Payment and collection equipment are connected to the CPU and monitor. If it is desired to collect paper money, an appropriate paper money collection device, such as a dollar bill collection mechanism, can be installed with a change or coin return button. Preferably, a credit card reader 24 (FIG. 1) is used to receive and read a customer's plastic card, such as a: credit card, debit card, automatic teller machine (ATM) bank card, or prepaid cash card. A modem 26 is connected to the credit card reader and PLC, to verify and transmit information about the customer's card via a phone line to a remote processing center. The amount to be debited is determined by the customer's selection from the touch screen. The modem can be used for card verification as well as for system error reporting and troubleshooting. Should a malfunction or error occur, e.g. an ingredient omitted, incorrect temperature, safety shutdown, or damage due to tampering or vandalism, the modem can call a pre-programmed telephone number to send an alarm and report this mishap and information. The modem can also function as a pager and receiver to retrieve information about sales, system, status, inventory control, as well as to implement price changes, promotions, and software modifications of the text and/or graphics displayed on the screen of the monitor. One type of modem that can be used is the AND-1 brand modem available from Western Telematic Inc. of Irvine, Calif. After the customer's card is verified and the customer's account is debited, the pizza assembly and preparation steps begin.
Upon ordering, selection and payment, a pizza crust is dispensed, transported and moved into the assembly area by a transporter 28 (FIG. 1) or transport mechanism, providing a crust dispenser. The pizza crust can be pre-made, or rolled and cut on site from pre-made dough, or mixed and formed from various scratch ingredients. The transporter can comprise an indexing table with an x-y axis or x-y translator to slide and/or rotate the pizza crust. The transporter can also include a mobile robot with a mechanical robotic arm to carry the pizza crust. The robot arm can have 4 degrees of freedom and a functional gripper for 5 axis. The robot can reach a length of 16.5" or more when reaching forward. The gripper hand of the robot can open to a maximum of 1" or more. Depending on the controller used, the robot arm can rotate up to 180 degrees on the base. The accuracy of the robot arm is 0.36 degrees or 255 steps for about 90 degrees or 0.72 degrees or 255 steps per 180 degrees. A 5 axis closed loop robot and robotic arm is available from Lynxmotion of Pekin, Ill.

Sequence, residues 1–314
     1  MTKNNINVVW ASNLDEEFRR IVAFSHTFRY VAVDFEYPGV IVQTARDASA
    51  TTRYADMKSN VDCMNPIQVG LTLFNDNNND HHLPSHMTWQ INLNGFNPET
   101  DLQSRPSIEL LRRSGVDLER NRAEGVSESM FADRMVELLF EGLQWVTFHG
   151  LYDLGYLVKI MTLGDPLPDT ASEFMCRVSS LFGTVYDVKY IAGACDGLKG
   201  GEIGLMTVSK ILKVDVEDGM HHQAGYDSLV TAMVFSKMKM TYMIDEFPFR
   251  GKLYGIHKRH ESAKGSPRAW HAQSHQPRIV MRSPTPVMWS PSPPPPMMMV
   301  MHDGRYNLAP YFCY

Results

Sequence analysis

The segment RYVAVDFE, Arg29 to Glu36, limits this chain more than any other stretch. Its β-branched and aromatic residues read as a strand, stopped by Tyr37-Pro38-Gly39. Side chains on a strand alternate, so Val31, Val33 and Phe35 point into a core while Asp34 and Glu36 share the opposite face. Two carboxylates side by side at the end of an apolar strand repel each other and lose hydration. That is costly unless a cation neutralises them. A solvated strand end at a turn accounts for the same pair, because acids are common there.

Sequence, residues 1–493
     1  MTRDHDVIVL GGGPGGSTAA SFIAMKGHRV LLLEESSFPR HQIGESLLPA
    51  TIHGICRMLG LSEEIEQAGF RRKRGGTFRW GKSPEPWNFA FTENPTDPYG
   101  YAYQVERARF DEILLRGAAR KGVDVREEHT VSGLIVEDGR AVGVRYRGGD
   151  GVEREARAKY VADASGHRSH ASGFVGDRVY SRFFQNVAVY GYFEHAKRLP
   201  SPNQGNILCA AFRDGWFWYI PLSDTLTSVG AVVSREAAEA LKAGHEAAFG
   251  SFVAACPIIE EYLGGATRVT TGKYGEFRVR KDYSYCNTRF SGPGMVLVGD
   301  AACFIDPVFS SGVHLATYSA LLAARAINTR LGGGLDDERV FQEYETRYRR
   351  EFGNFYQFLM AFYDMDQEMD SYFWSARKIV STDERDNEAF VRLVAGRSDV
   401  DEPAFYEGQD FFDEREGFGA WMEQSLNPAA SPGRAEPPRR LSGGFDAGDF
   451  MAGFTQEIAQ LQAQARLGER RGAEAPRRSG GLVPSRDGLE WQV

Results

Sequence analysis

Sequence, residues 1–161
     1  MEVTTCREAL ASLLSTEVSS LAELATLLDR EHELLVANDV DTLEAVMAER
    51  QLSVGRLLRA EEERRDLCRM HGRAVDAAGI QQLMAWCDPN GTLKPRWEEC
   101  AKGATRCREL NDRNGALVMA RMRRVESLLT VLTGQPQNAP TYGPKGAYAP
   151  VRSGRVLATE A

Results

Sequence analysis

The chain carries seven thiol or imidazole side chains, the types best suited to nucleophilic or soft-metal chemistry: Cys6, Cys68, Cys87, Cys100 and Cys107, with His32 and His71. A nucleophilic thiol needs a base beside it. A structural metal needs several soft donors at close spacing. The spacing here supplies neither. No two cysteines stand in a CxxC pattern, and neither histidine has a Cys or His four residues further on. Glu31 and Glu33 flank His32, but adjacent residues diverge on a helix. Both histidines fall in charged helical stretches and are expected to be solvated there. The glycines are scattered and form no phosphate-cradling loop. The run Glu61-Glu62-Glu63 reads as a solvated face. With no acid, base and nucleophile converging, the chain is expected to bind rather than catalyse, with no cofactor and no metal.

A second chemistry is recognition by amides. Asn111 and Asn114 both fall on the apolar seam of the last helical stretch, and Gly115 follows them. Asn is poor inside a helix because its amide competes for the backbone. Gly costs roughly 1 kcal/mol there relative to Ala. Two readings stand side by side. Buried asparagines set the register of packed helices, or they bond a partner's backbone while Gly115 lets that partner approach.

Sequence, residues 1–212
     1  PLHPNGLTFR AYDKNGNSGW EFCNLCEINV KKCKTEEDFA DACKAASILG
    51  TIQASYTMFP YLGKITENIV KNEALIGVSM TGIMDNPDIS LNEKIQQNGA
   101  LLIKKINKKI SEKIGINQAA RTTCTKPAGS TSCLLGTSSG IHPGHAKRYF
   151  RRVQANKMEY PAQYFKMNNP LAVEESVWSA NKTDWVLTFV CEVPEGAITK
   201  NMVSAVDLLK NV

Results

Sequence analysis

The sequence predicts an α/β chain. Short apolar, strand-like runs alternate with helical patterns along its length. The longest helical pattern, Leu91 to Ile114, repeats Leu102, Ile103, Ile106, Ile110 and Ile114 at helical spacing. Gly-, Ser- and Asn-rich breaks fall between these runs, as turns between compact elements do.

In the assembly area, the toppings are automatically dispensed and injected on the pizza curst. The toppings are preferably stored in transparent cartridge tubes 30 (FIG. 1), which are positioned above the pizza crust in the assembly area (station) to enhance dispensing of toppings and promote sanitation, ease of handling and replacement. The cartridge tubes provide pneumatic ingredient dispensers. Each of the tubes contain a different topping. As shown in FIG. 2, the cartridges can be sequentially dispensed and emptied by air-powered pneumatic reciprocating cylinders 32-35 which are regulated and controlled by solenoids 36-39 or solenoid valves connected to the PLC. An air compressor 40 with a dryer and trap can provide the necessary pneumatic pressure to raise and lower the cylinders at the desired speed. The toppings (ingredients) are dispensed, injected and placed on the crust in a selected pattern, array or matrix, as programmed or preset by the PLC. The touch screen and PLC can also be programmed to permit the customer to select special topping patterns, e.g., numbers, names, symbols, pictures, for birthdays or other special occasions.
Once the pizza has been assembled with the selected toppings, a conveyor 42 (FIG. 1) will convey the pizza from the assembly area through a pizza oven 44 to a packaging and dispensing area. The pizza oven can comprise: a wave oven, an electrically heated ovenchamber or open ended pizza oven which can cook the pizza in less than five minutes. The wave oven can have 12 high wattage halogen lamps for use with a 40 amp, 240 volt circuit. A preferred wave oven is available from Amana Appliances of Amana, Iowa. One type of pizza oven is available under the brand name of PIZZA PAL from Wisco Industries, Inc. of the U.S. Other types of pizza ovens are available from Roto Oven in Abbotsford, British Columbia, Canada and from Comstock Castle Stove Company in the U.S.